Allergies are the most common chronic disease in Europe, with over 150 million people admitting to having at least one allergy. In the UK, over 20,000 people a year are admitted to hospital with allergy-related illness, and over 61% of those cases are considered premier-pharmacy.com medical emergencies. Cases of food allergies have doubled in the last decade, and the number of hospitalizations due to allergies has increased seven-fold.
With such alarming statistics such as these, and the growing prevalence of allergy-related illness in the UK, it’s essential that caterers understand the risks involved with allergies and comply with FSA regulation. Let’s take a close look at allergies and how we can help protect consumers.
Firstly, what is an allergy?
An allergy is a misdirected immune response that is triggered when the body comes into contact with a usually harmless substance.
In allergy sufferers, the body produces an overabundance of antibodies particular to a given allergen. These antibodies, known as IgE antibodies, bind to cells in the body which are exposed to the external environment. When these antibodies come into contact with a specific allergen, they burst, releasing histamine into the surround area.
It is this histamine release which causes the symptoms associated with an allergic reaction in a specific area of the body; inflammation, redness and irritation. Depending on the location, these symptoms can manifest as rashes and itching on the skin, sneezing and runny nose, swollen and sore eyes, or the swelling and closure of airways. Extreme allergic reactions can result in Anaphylaxis – a life-threatening reaction that affects the whole body simultaneously.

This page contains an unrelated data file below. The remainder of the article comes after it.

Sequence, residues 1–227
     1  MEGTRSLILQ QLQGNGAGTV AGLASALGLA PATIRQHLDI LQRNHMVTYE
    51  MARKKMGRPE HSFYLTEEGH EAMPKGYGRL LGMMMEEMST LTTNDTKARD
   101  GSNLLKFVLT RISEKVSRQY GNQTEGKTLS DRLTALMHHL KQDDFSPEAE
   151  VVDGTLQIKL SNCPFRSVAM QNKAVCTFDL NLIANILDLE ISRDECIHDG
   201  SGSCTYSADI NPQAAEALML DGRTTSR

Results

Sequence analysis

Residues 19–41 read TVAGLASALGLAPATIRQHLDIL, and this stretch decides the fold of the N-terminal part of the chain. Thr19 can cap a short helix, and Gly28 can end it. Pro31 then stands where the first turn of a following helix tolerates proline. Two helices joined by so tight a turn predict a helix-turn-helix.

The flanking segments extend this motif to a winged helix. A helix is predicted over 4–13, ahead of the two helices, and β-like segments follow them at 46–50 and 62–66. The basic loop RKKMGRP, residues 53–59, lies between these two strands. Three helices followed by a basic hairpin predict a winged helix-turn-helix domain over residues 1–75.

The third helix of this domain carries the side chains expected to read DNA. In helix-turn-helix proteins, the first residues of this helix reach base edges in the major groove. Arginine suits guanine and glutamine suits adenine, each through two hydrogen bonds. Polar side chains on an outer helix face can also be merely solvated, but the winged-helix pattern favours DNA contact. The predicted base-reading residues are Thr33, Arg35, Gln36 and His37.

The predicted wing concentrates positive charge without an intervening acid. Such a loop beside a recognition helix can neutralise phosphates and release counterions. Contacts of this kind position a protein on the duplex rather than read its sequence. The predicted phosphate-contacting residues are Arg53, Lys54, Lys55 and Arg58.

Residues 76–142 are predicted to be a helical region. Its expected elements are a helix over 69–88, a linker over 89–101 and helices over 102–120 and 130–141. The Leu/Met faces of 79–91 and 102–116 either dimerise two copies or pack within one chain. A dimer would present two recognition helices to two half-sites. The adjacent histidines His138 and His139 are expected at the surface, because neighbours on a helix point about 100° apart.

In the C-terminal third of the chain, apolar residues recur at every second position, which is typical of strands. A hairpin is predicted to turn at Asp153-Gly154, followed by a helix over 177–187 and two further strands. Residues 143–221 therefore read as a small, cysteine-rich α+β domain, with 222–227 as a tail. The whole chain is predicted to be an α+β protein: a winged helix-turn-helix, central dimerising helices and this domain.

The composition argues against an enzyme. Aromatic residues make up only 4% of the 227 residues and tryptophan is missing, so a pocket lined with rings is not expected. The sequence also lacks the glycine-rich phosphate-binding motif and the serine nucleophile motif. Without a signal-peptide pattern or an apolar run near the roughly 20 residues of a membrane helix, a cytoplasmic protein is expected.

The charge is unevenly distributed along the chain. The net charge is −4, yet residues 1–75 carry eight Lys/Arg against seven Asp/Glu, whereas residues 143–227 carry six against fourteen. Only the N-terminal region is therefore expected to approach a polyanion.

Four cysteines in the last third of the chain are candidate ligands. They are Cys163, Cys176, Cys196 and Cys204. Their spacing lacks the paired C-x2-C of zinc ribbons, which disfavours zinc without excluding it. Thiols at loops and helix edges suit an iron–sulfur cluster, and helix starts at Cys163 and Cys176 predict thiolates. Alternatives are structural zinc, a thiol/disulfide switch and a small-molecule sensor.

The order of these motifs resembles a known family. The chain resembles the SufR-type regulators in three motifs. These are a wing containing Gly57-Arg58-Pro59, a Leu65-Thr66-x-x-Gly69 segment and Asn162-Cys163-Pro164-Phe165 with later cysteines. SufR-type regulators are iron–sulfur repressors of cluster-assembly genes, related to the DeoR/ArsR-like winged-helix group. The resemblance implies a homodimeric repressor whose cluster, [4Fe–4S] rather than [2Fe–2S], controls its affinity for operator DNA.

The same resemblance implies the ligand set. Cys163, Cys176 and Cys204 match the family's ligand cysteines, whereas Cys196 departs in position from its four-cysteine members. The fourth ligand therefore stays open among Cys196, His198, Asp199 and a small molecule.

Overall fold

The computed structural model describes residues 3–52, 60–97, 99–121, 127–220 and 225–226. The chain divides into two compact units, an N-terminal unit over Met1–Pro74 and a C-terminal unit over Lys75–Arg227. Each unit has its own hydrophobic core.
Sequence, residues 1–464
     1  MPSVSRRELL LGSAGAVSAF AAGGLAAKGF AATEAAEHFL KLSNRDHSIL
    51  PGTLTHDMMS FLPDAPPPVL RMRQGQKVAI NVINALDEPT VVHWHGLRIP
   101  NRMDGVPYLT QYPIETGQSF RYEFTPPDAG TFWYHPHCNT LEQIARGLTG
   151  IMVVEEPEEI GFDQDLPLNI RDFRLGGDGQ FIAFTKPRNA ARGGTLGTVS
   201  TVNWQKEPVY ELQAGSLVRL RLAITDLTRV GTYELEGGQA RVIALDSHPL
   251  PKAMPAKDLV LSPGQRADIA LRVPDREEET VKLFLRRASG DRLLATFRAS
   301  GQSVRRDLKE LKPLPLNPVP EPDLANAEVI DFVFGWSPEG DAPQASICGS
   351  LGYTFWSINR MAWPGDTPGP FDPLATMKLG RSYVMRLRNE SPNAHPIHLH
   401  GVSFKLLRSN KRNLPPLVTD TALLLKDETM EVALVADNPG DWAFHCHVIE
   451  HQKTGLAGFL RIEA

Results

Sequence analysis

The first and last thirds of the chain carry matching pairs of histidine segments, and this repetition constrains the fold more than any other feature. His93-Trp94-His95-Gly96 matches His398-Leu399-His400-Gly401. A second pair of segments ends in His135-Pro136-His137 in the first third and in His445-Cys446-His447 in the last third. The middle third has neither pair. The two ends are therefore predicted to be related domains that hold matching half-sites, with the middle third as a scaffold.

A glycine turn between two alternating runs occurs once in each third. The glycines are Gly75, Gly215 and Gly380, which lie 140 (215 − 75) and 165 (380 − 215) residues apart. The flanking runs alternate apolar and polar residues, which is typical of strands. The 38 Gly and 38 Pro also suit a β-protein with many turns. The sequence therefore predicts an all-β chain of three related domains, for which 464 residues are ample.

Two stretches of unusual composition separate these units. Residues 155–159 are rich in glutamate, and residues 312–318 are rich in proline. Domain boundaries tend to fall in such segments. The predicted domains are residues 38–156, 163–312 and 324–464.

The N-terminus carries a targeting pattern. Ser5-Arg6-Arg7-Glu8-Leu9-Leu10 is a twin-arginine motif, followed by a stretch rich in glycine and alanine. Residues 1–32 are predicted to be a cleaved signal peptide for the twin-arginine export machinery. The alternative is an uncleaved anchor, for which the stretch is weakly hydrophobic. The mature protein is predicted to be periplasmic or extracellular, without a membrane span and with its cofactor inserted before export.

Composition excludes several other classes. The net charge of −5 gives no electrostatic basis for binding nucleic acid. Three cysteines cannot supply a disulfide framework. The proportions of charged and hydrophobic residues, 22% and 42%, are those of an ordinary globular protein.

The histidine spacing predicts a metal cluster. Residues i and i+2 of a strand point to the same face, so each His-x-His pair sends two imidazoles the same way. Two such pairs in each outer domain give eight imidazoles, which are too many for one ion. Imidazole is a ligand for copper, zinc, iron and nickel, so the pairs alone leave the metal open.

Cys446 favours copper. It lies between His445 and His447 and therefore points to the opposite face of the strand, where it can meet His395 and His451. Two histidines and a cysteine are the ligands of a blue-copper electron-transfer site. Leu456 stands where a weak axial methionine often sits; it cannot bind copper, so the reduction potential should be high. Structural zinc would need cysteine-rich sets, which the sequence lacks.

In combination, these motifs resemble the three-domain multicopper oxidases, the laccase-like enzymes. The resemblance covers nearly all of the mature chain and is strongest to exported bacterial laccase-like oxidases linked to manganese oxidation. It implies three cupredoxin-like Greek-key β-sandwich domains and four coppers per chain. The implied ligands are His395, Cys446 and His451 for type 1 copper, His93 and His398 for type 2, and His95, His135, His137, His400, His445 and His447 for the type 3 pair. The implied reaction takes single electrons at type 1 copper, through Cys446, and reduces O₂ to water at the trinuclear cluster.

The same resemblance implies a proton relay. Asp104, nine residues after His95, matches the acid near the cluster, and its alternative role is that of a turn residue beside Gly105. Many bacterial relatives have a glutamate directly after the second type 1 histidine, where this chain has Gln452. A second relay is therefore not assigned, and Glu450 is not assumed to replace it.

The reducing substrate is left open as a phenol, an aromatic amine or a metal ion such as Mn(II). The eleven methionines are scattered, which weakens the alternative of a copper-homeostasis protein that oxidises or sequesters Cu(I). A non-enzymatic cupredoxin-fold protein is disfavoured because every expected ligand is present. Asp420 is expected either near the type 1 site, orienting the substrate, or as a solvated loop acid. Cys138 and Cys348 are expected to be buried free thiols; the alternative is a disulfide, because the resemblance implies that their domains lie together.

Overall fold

How can I protect customers?
The best way to protect customers is by taking great care in declaring allergenic ingredients in food. The FSA identifies 14 common allergens. Food containing or derived from the below should be declared by law:
– Cereals containing gluten
– Milk (including lactose)
– Sulphur dioxide
The FSA states that written allergenic information should be “easily visible, clearly legible and not obscured in any way”. Many caterers use an iconographic labeling system on menus and packaging that clearly indicates allergenic substances.
Remember that technically speaking, any substance could be a potential allergen (including water!), so it is best to be prepared for reactions with a well-stocked first aid kit that includes antihistamines and an EpiPen.
How can I recognise a reaction?
Allergic reactions are usually immediate but can occur up to a few hours after contact. Symptoms can vary greatly depending on the location of the reaction in the body and the severity of a reaction. Symptoms of a dangerous allergic reaction can include pain and cramping in the abdomen or chest, difficulty breathing, heart palpitations, diarrhoea, vomiting, swelling, and unconsciousness. Check out a full list of symptoms here (http://www.ouh.nhs.uk/patient-guide/leaflets/files%5C121210reactions.pdf).
What should I do if a customer experiences a severe reaction?
If you suspect an allergic reaction, call for an ambulance immediately. Take no risks, as time to treatment may be critical. Milder reactions may be treated with an antihistamine, or with a blue-reliever inhaler. For severe reactions, the treatment is an adrenaline shot, commonly delivered with an EpiPen Auto-injector administered to the thigh. If loss of consciousness occurs, place the sufferer in the recovery position.
Where can I find more information?
Read the FSA Technical Guidance for Food Allergen Labeling here for a detailed view of allergen compliance. We hope you take care to avoid allergic incidents in your business and stay safe!